We are, each one of us, / the one who awakens first, / who moves and sees, there in the first dawn, / the stranger.
Louise Gluck, the American poet who wrote the previous verses in 2006 and who received the 2020 Nobel Prize in Literature, has died at the age of 80, when her discovery for the general public of literature was still young. This same year, the American writer’s essays appeared for the first time in Spain (Complete essaysEditorial Visor) as an instruction manual for the work of one of the least known Nobel Prize winners of recent times. The first poet since the year of the Polish Wislawa Szymborska (1996).
«The core of this work [es] poetry as an exercise in self-analysis and transformation of the self; “poetry as a journey,” wrote Jordi Doce in his review of those essays for EL MUNDO. The first half of the thesis of that review stated that Glück’s poetic work had to be understood as a kind of very severe, “almost punitive” exploration into one’s own life. The other part of the criticism went beyond the strategy and focused on the tool, on a singular voice, different from any other, willing to phrasing more than to the fetishism of the imageas occurs in other poets of his generation.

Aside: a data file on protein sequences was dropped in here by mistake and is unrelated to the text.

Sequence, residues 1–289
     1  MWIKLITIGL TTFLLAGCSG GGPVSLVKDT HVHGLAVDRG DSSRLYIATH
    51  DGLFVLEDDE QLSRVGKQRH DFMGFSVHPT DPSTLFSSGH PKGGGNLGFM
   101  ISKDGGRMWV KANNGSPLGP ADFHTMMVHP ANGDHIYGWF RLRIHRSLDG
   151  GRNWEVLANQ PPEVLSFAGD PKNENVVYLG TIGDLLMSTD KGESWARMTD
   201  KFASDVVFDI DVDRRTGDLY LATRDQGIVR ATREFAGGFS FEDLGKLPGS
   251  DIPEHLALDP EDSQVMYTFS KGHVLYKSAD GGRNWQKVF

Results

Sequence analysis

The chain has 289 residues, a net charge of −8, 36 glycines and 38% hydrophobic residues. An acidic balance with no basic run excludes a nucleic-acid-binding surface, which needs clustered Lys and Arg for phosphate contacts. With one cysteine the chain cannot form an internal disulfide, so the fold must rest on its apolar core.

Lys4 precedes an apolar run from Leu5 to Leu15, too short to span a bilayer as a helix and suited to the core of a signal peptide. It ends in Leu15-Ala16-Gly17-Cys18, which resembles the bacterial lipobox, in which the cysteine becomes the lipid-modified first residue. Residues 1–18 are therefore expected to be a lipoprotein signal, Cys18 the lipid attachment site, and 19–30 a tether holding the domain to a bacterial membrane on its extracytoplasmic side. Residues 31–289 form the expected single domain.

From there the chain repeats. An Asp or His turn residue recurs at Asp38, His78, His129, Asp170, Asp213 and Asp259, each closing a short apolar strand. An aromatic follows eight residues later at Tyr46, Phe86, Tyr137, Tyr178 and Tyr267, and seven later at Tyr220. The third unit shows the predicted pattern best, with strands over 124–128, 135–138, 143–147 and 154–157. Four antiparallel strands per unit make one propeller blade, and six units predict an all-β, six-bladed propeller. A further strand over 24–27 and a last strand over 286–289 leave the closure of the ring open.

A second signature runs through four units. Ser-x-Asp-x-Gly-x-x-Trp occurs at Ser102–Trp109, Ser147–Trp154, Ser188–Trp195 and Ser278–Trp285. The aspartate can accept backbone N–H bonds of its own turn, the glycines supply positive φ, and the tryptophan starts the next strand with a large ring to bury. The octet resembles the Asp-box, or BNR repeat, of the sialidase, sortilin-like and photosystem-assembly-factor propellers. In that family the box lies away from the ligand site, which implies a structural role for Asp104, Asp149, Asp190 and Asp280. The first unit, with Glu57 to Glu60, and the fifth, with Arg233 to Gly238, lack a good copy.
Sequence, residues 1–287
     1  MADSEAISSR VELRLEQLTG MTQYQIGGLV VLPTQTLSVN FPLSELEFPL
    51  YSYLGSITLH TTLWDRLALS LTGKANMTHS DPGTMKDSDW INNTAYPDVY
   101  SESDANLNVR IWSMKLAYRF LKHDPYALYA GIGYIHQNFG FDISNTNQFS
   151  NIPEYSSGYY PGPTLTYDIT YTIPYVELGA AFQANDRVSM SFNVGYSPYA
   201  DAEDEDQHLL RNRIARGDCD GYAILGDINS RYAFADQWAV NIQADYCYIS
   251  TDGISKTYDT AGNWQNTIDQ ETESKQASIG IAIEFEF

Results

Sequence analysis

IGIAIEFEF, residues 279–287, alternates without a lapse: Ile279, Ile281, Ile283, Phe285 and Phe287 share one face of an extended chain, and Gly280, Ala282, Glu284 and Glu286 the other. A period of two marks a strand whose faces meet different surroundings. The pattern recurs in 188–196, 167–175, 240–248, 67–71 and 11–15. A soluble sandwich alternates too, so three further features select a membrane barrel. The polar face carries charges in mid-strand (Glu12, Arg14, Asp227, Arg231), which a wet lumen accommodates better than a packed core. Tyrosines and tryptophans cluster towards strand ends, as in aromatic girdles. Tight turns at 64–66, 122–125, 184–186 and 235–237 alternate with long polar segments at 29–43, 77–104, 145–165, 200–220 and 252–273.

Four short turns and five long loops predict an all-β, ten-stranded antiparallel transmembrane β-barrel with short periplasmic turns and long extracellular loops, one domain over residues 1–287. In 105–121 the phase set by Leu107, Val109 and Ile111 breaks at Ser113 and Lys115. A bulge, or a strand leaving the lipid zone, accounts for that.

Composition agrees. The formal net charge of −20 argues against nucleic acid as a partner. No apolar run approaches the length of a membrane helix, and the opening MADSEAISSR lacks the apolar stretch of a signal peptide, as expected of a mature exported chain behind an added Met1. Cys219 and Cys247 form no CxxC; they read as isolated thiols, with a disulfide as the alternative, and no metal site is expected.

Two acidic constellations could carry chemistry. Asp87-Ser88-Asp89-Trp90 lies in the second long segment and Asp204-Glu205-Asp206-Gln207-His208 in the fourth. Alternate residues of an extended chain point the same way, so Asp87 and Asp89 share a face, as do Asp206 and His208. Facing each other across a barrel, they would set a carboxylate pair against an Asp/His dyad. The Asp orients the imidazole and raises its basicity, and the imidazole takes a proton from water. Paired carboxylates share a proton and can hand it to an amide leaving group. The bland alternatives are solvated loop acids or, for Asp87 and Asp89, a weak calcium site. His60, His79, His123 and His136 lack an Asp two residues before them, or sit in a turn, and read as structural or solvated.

How to define the charm of a poetic voice without falling into clichés? The answer may lie in ambiguity: Glück’s poetry sounds cold and intellectual, It is full of ghostly figures and winter landscapes, but he is capable of delighting in the life and delicacy of flowers like the troubadours of the Middle Ages. Haughty and pleading, intimate and self-absorbed, vulnerable and self-sufficient, colloquial and professorial… Any pair of opposite extremes can be applied to the literature of Louise Glück… Storyteller and impressionist.
He was two people. / It was the body and the voice, the natural magnetism / of a living man, and then / the dream or the image that unfolds / and shapes the woman who works the loom, / sitting there, in a room full / of men without imagination .